We then go to some more conventional stories. Apparently the Night Vale Public Library has been found widely unsatisfactory. Its selection is poor, the computers are slow, and the fatality rate is much higher than in most public libraries. Interestingly, Cecil makes no mention of the terrifying librarians that will later become a regular part of any library-related stories. Instead, we only hear about a mysterious faceless specter that hunts library patrons. Is this a predecessor to the Faceless Old Woman? It’s possible. The WtNV writers often seem happy to reuse ideas. In-universe, maybe the specter is the Faceless Old Woman or even just a relative. One of the great things about WtNV is that it’s really easy to come up with explanations for plot holes.
There’s also a story about everyone’s favorite unlucky quarterback, Michael Sandero. He helped win a grudge match against Desert Bluffs, crediting the victory to help from angels. Unfortunately for Michael (and despite what the City Council says) angels are a very tangible reality in Night Vale. The angels denied having anything to do with the game, but now officials are investigating if there was actually any angelic interference. Poor Michael Sandero. Nothing goes well for him for long.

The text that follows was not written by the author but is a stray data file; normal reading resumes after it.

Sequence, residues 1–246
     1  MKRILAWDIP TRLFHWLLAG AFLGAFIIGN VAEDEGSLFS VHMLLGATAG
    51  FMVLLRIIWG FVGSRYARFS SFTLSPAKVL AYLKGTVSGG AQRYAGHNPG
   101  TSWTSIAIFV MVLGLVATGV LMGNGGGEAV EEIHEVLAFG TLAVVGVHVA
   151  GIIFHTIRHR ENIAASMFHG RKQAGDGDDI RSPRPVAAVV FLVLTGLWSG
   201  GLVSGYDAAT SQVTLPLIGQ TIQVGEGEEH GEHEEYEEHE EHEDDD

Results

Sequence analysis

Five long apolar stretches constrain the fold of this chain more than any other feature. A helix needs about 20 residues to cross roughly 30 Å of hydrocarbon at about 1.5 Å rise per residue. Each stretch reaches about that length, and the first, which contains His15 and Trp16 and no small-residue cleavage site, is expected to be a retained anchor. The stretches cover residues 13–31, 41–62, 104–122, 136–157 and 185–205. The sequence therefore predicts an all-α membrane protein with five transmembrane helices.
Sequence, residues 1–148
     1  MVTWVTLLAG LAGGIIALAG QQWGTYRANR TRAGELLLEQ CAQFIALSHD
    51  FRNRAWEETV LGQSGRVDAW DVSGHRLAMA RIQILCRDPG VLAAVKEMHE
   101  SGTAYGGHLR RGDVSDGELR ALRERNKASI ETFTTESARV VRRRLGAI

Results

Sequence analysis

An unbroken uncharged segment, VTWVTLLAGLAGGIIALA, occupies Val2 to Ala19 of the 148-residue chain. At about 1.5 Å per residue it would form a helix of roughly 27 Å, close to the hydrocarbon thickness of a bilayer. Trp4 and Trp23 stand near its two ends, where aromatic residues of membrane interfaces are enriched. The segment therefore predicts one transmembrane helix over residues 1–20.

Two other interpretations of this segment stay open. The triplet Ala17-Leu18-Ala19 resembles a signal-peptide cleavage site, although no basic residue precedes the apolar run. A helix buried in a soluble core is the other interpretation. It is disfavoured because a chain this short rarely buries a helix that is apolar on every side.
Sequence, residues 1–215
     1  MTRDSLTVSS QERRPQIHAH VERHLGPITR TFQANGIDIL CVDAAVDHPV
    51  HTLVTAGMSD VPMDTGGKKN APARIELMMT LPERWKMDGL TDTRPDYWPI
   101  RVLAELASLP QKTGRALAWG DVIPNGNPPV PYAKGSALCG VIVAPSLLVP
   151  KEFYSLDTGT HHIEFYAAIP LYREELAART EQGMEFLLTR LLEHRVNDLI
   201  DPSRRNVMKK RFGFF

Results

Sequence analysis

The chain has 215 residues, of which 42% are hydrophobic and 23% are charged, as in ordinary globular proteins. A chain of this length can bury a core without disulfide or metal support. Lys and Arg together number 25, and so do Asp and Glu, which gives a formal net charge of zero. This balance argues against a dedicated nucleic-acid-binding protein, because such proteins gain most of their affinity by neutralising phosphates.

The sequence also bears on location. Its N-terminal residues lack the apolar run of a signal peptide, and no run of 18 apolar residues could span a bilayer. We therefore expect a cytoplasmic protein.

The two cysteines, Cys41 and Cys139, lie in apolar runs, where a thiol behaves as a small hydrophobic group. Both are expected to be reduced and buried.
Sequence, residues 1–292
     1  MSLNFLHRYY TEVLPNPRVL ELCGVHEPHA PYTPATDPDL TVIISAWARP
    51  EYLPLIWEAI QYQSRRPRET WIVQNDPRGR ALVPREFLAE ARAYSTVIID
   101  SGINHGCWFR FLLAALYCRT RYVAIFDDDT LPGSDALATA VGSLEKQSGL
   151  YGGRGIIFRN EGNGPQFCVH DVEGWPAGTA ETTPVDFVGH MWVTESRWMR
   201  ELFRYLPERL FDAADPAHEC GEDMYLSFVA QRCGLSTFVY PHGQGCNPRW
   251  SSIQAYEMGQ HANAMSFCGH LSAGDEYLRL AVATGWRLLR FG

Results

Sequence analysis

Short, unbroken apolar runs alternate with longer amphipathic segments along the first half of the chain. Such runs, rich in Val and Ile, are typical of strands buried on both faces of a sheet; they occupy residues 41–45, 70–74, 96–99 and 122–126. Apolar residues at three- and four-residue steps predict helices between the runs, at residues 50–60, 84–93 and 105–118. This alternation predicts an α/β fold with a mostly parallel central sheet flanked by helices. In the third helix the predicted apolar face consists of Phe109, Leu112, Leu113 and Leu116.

We get back to the history after a brief story about gun safety in schools. (Should schools be able to take away children’s guns? Of course not!) Now we’re up to 1943. According to Cecil, Night Vale credits itself for the victory of the allies during World War Two. This was mainly due to the constant chanting Night Vale citizens did around their bloodstone circles. Bloodstone circles have been mentioned before and seem to be stone formations of religious and magical significance. Interestingly, Cecil makes no mention of anyone in Night Vale enlisting in the army during the war. This is probably because Night Vale is a very hard place to get into and out of, as is suggested by everyone’s surprise at an outsider like Carlos showing up.